Analysis Of F. Scott Fitzgerald's The Great Gatsby

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What goes up, must always come down. Jay Gatsby learns this lesson the hard way. The The Great Gatsby by F. Scott Fitzgerald, represents the 1920s stock market through the green light’s symbolism, the condition of Gatsby’s house, and the life of Jay Gatsby/James Gatz. The book traces the steady climb to an ultimate peak, then dramatic plummet of the stock market during that time period.
Born into a poverty stricken family, Jay Gatsby works hard to swiftly increase his standard of living. Before transforming into Jay Gatsby, James Gatz lives a life of scarcity and dreams of becoming affluent, “His parents were...unsuccessful farm people...[he] had never really accepted them as his parents,” (Fitzgerald 96). Just as the stock market began low
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Gatsby keeps his home in unsullied shape and Nick describes the routine which Gatsby’s servants follow after each of his parties, “Monday... servants...toiled all day with mops and scrubbing-brushes and hammers and garden-shears, repairing the ravages of the night before,” (Fitzgerald 39). At its best, Gatsby’s house swells with people coming to his parties to taste the lavish lifestyle, and all the while its remains shimmering with magnificence. As the stock market approaches its highest point, a greater number of people have the opportunity to life a life of wealth. The stock market later crashes, and so does Gatsby’s house. As Nick prepares to leave New York following Gatsby’s death, he looks over at the once lively house and observes its tranformation, “the grass on his lawn had grown as long as mine...I went over and looked at that huge incoherent failure of a house,” (Fitzgerald 179). Without Jay living in his house, having people over, and throwing parties, the house became vapid. The stock market tumbled down, just like Gatsby’s house. When the market crashed, many wealthy, self made people lost almost - if not all - of their money. As a result, their massive, once lavish homes fell apart the same way Gatsby’s does. Gatsby’s house, once an opulent hub of activity and life, quickly becomes a run down old mansion. Once a representation of a life of wealth, the …show more content…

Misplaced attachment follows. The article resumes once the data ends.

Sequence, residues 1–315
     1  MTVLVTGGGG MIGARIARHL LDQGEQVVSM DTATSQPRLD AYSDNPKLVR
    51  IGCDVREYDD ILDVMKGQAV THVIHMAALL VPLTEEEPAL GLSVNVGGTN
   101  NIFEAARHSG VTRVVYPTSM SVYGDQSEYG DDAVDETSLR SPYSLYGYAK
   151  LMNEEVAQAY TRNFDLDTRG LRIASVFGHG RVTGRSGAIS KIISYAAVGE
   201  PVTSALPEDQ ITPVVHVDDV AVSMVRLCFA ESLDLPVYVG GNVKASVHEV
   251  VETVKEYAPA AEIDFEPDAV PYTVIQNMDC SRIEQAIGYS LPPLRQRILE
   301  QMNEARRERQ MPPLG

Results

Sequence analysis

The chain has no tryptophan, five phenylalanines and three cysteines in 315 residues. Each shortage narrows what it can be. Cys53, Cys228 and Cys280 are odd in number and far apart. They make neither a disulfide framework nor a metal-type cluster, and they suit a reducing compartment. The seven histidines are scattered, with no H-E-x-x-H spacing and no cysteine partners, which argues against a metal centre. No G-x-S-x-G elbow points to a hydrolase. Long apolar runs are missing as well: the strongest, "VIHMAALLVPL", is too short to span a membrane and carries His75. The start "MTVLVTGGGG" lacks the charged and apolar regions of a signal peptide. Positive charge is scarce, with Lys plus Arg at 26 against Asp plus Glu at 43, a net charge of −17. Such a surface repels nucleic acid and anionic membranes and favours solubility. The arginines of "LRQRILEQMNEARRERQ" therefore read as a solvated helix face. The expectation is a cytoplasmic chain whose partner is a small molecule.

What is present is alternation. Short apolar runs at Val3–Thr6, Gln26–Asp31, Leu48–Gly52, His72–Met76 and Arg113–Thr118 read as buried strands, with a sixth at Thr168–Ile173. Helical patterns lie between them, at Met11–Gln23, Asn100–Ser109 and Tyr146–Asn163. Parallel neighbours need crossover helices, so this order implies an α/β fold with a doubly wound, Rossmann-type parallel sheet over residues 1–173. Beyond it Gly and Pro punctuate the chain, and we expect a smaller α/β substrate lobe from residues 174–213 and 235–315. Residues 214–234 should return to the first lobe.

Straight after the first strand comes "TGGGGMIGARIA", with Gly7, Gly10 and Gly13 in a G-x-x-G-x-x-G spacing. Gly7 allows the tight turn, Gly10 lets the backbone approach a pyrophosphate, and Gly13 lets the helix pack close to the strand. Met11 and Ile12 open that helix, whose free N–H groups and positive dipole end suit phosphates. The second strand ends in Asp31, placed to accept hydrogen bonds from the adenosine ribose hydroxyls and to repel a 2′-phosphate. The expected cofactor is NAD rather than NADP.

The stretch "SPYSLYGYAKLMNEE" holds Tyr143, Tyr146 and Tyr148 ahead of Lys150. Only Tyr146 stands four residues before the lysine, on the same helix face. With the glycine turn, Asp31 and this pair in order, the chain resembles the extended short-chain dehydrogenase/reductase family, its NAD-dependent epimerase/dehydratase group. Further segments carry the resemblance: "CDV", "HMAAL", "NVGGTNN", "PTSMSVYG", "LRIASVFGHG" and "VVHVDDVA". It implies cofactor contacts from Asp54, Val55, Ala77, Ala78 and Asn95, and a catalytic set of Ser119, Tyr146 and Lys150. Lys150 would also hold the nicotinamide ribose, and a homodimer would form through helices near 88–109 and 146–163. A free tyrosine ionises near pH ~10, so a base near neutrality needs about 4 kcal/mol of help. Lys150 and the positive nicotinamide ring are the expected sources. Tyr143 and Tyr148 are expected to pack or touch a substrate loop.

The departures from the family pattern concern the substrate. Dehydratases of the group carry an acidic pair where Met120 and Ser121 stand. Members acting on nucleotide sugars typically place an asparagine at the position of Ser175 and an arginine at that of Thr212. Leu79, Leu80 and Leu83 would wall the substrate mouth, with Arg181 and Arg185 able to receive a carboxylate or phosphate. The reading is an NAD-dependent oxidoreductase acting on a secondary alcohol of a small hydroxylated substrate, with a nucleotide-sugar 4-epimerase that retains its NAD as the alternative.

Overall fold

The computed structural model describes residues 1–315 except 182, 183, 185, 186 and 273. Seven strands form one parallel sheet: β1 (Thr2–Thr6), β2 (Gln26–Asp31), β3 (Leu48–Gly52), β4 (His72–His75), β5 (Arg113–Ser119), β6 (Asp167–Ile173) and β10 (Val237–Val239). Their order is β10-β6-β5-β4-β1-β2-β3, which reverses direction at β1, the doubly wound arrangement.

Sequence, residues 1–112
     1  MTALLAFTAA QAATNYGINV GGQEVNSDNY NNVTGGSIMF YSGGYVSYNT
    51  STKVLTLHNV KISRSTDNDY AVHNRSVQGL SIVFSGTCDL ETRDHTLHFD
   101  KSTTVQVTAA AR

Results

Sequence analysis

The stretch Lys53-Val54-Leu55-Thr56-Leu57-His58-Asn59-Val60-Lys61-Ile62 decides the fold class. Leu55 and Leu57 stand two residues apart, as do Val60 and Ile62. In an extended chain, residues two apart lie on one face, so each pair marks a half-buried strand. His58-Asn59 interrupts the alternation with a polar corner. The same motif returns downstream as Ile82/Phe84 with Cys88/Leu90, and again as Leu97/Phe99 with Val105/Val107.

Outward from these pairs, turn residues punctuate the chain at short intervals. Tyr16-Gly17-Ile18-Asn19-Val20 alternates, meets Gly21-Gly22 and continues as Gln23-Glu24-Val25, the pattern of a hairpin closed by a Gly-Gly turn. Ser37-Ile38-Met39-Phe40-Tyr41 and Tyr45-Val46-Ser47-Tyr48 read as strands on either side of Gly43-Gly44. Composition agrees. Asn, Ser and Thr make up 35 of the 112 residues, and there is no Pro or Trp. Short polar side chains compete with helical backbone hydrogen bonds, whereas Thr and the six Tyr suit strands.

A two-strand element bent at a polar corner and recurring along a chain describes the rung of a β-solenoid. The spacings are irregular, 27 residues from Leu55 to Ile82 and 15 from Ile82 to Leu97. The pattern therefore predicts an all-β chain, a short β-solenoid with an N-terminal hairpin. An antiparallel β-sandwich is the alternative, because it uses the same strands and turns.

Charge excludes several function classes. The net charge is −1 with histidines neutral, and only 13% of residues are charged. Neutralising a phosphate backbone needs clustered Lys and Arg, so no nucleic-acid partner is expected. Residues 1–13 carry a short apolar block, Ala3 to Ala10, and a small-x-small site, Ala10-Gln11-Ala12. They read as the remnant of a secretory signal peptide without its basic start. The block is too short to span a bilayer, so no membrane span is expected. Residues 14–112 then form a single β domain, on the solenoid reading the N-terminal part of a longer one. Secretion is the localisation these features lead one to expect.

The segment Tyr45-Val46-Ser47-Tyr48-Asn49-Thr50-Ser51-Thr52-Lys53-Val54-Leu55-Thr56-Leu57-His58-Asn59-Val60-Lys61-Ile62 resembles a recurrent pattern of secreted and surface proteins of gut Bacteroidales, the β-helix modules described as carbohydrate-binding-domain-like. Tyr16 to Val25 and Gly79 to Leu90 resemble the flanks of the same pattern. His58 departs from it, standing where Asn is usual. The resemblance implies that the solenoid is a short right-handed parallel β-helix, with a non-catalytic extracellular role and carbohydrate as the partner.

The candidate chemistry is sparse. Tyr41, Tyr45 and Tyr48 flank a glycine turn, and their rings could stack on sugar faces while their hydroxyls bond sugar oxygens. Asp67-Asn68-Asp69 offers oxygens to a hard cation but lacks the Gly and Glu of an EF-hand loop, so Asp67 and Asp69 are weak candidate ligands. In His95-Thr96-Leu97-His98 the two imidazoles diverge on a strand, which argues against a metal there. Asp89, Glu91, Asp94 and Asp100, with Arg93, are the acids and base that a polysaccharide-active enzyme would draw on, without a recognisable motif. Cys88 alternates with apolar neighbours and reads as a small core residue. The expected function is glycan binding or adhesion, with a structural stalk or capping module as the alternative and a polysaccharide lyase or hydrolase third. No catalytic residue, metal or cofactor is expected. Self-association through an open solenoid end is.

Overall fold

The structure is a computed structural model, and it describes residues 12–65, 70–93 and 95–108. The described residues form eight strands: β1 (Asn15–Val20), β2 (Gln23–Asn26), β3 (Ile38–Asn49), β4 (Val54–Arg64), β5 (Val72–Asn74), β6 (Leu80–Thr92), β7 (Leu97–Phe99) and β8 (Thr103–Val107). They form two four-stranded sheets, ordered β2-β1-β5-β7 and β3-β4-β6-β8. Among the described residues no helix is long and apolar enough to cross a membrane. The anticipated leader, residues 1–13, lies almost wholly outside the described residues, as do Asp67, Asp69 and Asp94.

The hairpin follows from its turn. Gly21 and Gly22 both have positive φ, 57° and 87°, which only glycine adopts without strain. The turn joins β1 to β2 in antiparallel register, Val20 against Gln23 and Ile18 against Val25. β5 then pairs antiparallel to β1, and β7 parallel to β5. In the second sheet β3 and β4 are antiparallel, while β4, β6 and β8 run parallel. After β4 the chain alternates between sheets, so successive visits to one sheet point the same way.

Sitting outside one evening, Nick observes Gatsby for the first time. Nick attempts to interpret Gatsby’s peculiar actions, “he stretched out his arms toward the dark water...I glanced seaward - and distinguished nothing except a single green light,” (Fitzgerald 21). In this moment, Nick has not been acquainted with Gatsby, nor is he aware of Gatsby and Daisy’s past relationship. The green light at the end of daisy’s dock singlehandedly connects Gatsby to Daisy. The longer that he lives there - across the bay from Daisy - the more importance Gatsby places upon that single green light. In the same way that the stock market rises over time, the significance of the green light increases over time. After Gatsby and Daisy reunite, there is a moment where - as Nick speculates - Gatsby feels the importance of the green light dissipate, “Possibly it had occurred to him that the colossal significance of that light had now vanished forever,” (Fitzgerald 93). All the importance that Gatsby had built up about that light comes crashing down, leaving him feeling as though he had lost something precious. In a like manner, the prices of stocks built up higher than they had ever before, then suddenly, came tumbling down. People did not know what to do because they lost all of their money rapidly. Likewise, the enchantment of one object Gatsby

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